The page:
Re: Why Oracle does not allow rollback of DDL statements?
Date: Mon, 10 Nov 2008 10:02:08 +0100
Noons, 10.11.2008 09:45:
>> I have always been surprised why Oracle does a implicit commit when >> DDL statements (e.g create table …) are executed.
> It's called database consistency.
> Only real databases have it.
But creating objects in a database needs to be consistent as well. I don't see why having transactional DDL contradicts database consistency.
Actually I think it adds to consistency.
>> DDL statements >> simply write information (insert, delete and update) to data >> dictionary, so why DDL statement cannot be rolled back.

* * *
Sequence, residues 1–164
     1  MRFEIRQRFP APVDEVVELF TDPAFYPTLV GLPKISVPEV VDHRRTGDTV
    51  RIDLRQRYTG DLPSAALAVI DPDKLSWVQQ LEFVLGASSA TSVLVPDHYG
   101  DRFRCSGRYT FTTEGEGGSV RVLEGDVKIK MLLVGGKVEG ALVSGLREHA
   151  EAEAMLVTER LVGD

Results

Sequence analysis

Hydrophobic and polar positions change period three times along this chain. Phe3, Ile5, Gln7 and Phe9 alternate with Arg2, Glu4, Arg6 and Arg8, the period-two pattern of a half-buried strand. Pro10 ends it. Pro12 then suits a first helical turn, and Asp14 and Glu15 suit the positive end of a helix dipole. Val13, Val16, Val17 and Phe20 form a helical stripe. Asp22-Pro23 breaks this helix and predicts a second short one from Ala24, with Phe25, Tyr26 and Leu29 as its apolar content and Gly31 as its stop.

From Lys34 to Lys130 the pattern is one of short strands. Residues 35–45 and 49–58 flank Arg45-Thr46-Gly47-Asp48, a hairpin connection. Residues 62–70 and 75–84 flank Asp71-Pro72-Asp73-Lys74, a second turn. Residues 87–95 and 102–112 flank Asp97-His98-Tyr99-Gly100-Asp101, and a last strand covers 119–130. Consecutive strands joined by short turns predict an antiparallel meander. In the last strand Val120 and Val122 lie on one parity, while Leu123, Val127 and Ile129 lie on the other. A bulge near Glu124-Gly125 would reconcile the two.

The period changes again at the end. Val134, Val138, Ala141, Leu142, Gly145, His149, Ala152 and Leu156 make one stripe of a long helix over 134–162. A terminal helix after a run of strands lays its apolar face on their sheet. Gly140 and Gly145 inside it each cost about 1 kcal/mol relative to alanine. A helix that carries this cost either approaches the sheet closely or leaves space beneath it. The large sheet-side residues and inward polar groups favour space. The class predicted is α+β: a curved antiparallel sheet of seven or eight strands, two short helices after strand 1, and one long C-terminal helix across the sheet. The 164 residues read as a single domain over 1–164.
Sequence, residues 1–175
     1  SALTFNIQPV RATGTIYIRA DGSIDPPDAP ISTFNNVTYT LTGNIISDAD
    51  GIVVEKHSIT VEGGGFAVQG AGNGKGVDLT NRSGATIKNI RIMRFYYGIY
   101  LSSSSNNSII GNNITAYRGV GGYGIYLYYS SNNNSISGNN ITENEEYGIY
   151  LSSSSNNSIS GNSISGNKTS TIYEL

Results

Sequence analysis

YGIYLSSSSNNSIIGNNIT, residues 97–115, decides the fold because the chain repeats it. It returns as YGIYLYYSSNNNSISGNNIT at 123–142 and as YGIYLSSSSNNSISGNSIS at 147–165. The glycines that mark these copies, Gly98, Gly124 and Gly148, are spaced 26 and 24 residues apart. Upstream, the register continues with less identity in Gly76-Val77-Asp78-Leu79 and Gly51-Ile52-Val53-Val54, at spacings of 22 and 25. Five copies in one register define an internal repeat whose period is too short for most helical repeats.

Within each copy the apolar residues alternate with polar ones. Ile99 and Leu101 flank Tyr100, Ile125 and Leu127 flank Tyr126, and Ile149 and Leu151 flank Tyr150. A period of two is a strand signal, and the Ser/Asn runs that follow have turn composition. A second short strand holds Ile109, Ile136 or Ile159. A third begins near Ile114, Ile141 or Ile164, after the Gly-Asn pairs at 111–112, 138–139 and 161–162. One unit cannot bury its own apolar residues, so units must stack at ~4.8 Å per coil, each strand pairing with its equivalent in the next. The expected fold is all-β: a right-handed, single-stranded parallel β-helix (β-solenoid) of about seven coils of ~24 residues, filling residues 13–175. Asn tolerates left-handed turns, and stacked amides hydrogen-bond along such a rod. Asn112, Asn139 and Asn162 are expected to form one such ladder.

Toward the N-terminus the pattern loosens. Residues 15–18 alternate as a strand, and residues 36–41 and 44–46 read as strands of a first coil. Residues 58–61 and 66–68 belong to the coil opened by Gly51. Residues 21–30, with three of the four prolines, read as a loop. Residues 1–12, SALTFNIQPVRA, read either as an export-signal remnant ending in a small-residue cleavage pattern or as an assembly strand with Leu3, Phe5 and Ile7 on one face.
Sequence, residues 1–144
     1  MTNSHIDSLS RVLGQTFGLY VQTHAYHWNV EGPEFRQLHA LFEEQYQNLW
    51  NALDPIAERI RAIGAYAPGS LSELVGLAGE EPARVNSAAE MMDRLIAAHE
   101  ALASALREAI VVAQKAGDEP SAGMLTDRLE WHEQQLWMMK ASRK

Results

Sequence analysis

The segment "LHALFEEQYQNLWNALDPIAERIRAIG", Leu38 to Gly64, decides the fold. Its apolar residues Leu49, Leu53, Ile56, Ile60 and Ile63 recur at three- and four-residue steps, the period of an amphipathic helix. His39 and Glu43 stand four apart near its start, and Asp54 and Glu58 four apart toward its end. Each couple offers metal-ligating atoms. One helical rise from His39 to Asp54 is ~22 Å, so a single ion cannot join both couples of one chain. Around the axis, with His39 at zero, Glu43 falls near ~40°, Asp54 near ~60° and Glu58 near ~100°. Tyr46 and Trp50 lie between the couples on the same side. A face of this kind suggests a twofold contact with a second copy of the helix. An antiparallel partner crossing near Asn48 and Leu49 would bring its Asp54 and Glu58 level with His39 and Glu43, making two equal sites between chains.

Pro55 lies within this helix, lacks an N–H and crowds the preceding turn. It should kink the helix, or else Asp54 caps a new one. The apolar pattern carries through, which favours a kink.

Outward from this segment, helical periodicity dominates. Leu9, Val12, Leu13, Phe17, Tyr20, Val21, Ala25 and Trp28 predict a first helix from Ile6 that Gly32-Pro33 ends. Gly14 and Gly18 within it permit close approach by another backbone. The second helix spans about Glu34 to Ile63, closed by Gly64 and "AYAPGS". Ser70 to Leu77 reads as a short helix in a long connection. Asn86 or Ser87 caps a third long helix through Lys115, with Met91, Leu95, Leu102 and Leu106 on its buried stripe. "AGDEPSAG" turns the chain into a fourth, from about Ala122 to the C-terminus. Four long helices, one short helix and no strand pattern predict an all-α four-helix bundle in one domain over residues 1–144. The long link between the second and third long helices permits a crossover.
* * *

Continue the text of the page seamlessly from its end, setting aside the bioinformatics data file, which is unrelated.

> Oh no they most certainly don't just do that!
So what else are they doing?
>> I was learning SQL Server few months ago and I noticed that SQL Server
>> does allow rollback of DDL statements if I am not mistaken.
> It does not.
Yes it does (Note that I do not like SQL Server at all, but that is definitely a plus - or it would be if SQL Server wasn't that awful when it comes to locking...)
>> Rollback of all staements should be allowed not just >> of DML statements.
> Actually, it should not. There is no requirement
> anywhere for such in any of the available standards
> for relational database architecture or design.
There might not be a requirement, but it *is* very handy.
Just think of an database upgrade script that fails in the middle. With transactional DDL I simply do a rollback fix the cause of the error and start the script again. With non-transactional DDL I need to remove all objects that were created until then to put the DB into the state before I ran the script.
Thomas Received on Mon Nov 10 2008 - 03:02:08 CST